There are two things:

  • radius is first squared
  • then it is multiplied by pi (π)

Step 3

Divide both sides by π

Area ÷ π = πr 2 ÷ π

Step 4

When then have
Which we write as:

Area ÷ π = r 2
area = r 2


Now take the square root of both sides.

Area =√r 2

Step 5

Now we have r = √Area


Step 6

Use the formula to solve the problem, by substituting the given values.
To do this on your calculator: first enter 40 ÷ 3,142 = then press √
Round off to two decimal places

r = √Area
r = √ 40  = 3,568 ...
r = 3,57 cm
She needs to make the circle with a radius of 3,57 cm.

3. Statistics
You should know the following terminology:

  • Dependent variable: The thing that comes out of an experiment, the effect; the results.
  • Independent variable(s): The things that act as input to the experiment, the potential causes. Also called the controlled variable.
  • Control variable: A variable that is held constant in order to discover the relationship between two other variables. “Control variable” must not be confused with “controlled variable”.
  • Correlation does not mean causation. That is, if two variables seem to relate to each other (they seem to co-relate), it doesn’t mean that one causes the other. A variable only causes another variable if one of the variables is a function f(x) of the other. We will see more about this when we look at graphs, below.
  • Mean: The average. In the series 1, 3, 5, 7, 9, the mean is 1 + 3 + 5 + 7 + 9 divided by 5, since there are 5 bits of data. The mean in this case is 5.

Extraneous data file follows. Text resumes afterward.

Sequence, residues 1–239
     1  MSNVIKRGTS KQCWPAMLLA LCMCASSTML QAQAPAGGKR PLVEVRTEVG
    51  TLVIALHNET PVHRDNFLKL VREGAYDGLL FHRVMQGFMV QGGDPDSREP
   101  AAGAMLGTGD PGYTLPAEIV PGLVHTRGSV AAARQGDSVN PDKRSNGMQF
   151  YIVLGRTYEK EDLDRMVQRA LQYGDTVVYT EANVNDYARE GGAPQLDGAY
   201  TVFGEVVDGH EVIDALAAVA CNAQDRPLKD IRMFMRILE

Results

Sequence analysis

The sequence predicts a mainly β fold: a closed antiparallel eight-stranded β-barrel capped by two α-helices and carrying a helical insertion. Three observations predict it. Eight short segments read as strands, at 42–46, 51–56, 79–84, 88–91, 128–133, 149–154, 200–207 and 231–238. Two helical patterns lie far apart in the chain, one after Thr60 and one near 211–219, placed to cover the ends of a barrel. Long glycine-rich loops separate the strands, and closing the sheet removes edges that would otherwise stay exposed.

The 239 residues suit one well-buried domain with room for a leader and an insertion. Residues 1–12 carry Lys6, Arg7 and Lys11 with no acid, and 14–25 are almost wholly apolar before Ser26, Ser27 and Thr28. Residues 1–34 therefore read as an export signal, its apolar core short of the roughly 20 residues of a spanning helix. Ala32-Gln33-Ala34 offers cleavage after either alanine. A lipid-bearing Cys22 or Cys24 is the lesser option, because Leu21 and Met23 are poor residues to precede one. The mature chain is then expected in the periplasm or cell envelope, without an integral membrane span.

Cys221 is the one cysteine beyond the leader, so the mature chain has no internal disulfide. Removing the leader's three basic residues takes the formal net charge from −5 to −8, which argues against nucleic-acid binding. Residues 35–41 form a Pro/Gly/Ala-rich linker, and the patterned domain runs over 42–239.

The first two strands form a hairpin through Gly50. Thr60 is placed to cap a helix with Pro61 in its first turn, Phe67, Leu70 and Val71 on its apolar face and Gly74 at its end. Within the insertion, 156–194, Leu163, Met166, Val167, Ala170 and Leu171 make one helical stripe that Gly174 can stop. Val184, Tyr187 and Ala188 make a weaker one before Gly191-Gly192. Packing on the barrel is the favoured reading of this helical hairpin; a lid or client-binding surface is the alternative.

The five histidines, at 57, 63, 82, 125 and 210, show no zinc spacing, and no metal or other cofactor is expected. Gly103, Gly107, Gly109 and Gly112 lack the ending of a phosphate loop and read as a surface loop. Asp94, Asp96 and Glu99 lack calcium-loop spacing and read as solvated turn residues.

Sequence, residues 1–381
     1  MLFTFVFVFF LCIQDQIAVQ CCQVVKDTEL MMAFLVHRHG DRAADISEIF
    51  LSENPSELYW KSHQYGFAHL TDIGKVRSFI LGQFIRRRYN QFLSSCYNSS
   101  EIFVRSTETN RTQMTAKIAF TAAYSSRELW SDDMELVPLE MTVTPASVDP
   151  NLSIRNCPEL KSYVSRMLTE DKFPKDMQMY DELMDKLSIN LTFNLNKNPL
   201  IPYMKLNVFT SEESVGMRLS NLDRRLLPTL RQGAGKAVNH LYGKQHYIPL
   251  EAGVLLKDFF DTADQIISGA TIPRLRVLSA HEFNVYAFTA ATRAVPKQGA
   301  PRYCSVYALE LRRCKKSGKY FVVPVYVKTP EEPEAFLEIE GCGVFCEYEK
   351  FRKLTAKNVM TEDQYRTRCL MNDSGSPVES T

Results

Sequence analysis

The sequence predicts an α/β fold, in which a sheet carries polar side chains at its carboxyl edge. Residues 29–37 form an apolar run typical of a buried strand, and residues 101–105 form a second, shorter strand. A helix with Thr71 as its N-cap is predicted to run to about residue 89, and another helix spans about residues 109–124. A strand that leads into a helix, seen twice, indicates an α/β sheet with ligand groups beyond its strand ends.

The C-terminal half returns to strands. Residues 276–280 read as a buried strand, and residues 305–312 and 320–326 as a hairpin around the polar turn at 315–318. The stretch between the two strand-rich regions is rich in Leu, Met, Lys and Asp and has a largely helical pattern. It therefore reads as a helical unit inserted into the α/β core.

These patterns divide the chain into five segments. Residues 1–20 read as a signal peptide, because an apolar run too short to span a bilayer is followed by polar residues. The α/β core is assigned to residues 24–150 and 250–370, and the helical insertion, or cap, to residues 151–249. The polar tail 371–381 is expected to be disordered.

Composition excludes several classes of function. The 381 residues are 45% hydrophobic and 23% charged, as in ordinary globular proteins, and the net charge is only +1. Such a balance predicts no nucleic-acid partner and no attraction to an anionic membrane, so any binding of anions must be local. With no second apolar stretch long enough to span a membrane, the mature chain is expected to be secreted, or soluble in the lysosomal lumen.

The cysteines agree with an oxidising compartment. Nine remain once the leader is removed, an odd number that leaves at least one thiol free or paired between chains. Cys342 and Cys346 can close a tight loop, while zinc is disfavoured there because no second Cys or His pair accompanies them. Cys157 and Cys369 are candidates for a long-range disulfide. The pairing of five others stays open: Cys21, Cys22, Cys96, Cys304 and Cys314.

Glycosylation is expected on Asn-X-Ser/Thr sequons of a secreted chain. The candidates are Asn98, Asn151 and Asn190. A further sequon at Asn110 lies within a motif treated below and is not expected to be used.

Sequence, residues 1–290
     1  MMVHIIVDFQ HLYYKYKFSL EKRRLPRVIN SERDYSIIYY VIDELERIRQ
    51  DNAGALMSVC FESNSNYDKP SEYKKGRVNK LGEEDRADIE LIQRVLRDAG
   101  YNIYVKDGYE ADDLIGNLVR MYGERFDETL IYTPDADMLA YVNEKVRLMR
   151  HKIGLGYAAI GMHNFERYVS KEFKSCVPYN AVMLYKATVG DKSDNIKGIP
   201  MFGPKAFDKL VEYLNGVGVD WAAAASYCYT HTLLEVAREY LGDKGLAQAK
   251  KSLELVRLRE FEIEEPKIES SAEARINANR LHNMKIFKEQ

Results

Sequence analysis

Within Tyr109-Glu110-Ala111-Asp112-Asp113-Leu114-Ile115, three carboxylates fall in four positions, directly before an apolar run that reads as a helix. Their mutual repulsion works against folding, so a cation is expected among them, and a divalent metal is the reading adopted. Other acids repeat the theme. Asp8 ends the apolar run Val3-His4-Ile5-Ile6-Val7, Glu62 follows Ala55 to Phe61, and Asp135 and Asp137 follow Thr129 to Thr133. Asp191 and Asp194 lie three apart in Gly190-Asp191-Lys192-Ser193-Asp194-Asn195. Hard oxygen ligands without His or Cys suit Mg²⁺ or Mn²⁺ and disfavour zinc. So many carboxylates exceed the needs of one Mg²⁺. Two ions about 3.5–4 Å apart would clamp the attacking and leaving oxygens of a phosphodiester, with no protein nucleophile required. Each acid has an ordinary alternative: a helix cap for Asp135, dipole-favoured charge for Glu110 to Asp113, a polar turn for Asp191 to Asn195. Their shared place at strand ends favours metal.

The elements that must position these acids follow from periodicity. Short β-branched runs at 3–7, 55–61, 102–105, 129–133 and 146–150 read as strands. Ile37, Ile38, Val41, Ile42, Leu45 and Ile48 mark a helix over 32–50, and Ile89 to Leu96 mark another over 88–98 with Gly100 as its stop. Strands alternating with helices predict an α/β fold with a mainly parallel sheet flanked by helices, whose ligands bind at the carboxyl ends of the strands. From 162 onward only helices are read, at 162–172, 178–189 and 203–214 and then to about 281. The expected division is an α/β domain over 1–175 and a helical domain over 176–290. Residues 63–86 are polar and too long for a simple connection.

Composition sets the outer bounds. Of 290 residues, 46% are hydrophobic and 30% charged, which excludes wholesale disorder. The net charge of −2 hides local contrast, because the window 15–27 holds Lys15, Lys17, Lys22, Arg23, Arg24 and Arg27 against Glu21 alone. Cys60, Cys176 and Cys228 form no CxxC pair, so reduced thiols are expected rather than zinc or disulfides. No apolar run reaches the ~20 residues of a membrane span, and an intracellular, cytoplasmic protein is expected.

• Median: The datum (single bit of data) in the precise middle of a range of data. In the series 1, 3, 5, 7, 9, the median value is 5.
  • Mode: The most common piece of data. In the series 1, 1, 2, 2, 3, 3, 3, 4, 5, the mode is 3.

4. Triangles
The area of a triangle is half the base times the height: a = b/2(h). A triangle with a base of 5 cm and a height of 3 cm will have an area of 2,5 × 3 = 7,5 cm2.
triangles khgjkagd
Lengths of Triangle Sides
You can calculate the lengths of sides of right-angled triangles using Pythagoras’ Theorem. The square of the hypotenuse is equal to the sum of the squares of the other two sides: In this diagram, b = base, hb = height, and c = the hypotenuse: c2 = hb2 + b2.
Worked example 12
wowrked example 12 ujyguygad
In the triangle shown, the hypotenuse, marked “?”, can be obtained by squaring both sides, adding them, and then square-rooting them for the length of the hypotenuse.
That is: 32 + 52 = 9 + 25 = 34. Since in this case 34 = hyp2 it follows that the square root of 34 gives the value of “?”, the hypotenuse. That is, 5,83cm.

5. Graphs
It’s probably best to start from scratch with Cartesian Coordinates.
“Coordinates” are numbers that refer to the distance of a point along a line, or on a surface, or in space, from a central point called the “origin”. Graphs that you will use have only two dimensions (directions). The positions of points on these graphs are described using two coordinates: how far across (left-to-right) the point is, called the x-coordinate, and how far up-or-down on the page the point is, called the y-coordinate.

Worked example 13
Consider the following graph. It shows six points in a straight line.
The coordinates shown can be described using what are called “ordered pairs”. For example, the furthest point in this graph is 3 units across on the “x-axis” or horizontal line. Likewise, it is also 3 units up on the y-axis, or vertical (up and down) line. So, its coordinates are (3;3). The point just below the midpoint or “origin”, is one unit down of the x-axis, and one unit left of the y-axis. So its coordinates are (–1;–1). Note that anything to the left or below of the origin (the circle in the middle), takes a minus sign.
worked example 13 jgujyd